Proof that Social Enterprise Can Succeed as It Fails

 

 Bike

January 22, 2014; Bicycle Retailer

Bixi has been something of a poster child for social enterprise. It is a nonprofit with local public backing pursuing a global social agenda through a business enterprise. This nonprofit is behind the bike-sharing programs in New York City, Melbourne, San Francisco, Chicago, Toronto, and many other cities. It successfully helped to establish roots for bike sharing, with 37,000 bikes in use around the world, but now it has filed for bankruptcy protection.

Bixi owes Montreal about $40 million in loans, which the city is now calling in, and it is estimated that the nonprofit owes its suppliers about $9 million. Still, although the organization has run into a wall, the programs it engendered will not.

The New York Times took a look at the financial basis of the bankruptcy and it focuses on the confusion that prevailed in the company’s plethora of relationships with partners and sites. This may have led to the company overextending on a project meant to modify the software that handles payments and the monitoring of bikes.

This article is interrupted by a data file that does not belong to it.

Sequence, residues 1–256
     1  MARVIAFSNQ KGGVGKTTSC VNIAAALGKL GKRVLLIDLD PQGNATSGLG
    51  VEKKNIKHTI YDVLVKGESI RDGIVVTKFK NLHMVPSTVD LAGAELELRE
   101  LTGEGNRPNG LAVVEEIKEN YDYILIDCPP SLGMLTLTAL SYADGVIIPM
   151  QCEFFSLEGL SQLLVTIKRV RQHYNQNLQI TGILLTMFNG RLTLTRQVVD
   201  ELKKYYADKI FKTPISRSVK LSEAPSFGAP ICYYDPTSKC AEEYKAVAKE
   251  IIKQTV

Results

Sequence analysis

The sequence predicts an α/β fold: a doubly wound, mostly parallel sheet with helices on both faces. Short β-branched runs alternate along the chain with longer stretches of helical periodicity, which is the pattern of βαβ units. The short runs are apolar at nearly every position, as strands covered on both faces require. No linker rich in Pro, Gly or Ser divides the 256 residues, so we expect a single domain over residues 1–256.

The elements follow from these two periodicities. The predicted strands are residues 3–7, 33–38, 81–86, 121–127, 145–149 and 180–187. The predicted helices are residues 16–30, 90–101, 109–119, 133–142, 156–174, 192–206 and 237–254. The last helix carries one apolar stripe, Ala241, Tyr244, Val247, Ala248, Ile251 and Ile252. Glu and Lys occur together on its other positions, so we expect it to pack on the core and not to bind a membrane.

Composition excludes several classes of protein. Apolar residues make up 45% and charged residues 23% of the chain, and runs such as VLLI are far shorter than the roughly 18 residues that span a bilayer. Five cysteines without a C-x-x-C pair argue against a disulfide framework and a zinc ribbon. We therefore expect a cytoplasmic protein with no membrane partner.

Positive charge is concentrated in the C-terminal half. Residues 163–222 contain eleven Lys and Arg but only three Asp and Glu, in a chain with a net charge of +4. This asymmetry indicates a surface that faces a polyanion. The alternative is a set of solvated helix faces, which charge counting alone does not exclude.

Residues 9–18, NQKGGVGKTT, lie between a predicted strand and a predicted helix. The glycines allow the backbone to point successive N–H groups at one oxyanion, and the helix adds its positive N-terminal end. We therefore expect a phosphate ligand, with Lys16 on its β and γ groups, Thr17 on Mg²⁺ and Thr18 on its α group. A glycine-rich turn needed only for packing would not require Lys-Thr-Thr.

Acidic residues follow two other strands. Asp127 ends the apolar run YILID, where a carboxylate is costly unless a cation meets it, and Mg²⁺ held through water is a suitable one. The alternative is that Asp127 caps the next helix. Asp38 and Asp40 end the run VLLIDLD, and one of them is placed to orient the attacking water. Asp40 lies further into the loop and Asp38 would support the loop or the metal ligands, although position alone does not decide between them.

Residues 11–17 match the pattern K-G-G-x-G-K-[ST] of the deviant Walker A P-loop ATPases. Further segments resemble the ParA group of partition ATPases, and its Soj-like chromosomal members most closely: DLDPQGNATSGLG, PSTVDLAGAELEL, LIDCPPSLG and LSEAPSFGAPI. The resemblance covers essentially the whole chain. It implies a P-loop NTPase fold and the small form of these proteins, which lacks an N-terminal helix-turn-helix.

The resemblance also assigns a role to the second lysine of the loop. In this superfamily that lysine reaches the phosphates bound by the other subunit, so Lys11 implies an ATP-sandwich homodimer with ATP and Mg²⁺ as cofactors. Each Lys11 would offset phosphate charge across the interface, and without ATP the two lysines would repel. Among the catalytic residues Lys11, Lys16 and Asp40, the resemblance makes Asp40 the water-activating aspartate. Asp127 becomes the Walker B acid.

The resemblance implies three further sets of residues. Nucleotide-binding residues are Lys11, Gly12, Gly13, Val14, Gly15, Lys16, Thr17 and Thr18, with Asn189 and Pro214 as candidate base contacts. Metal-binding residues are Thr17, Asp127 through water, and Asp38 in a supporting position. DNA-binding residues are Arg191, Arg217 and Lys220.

In looking at the media coverage of the situation, speculation about what or who is at fault is all over the place. There are also those who would see this as a cautionary tale for government involvement in such stuff.

NPQ would love to hear what readers think about the situation. We tend to believe that as we move further into social enterprise, we will all find out, through failures even more than successes, what works and what does not. But in this case, the endeavor appears to have succeeded as much as failed, and it was a bold move with a likely longlasting social legacy in the model. It is sure a lot better than Rhode Island losing $90 million on Curt Schilling’s failed video game company.—Ruth McCambridge

About

Ruth McCambridge

Ruth is Editor in Chief of the Nonprofit Quarterly. Her background includes forty-five years of experience in nonprofits, primarily in organizations that mix grassroots community work with policy change. Beginning in the mid-1980s, Ruth spent a decade at the Boston Foundation, developing and implementing capacity building programs and advocating for grantmaking attention to constituent involvement.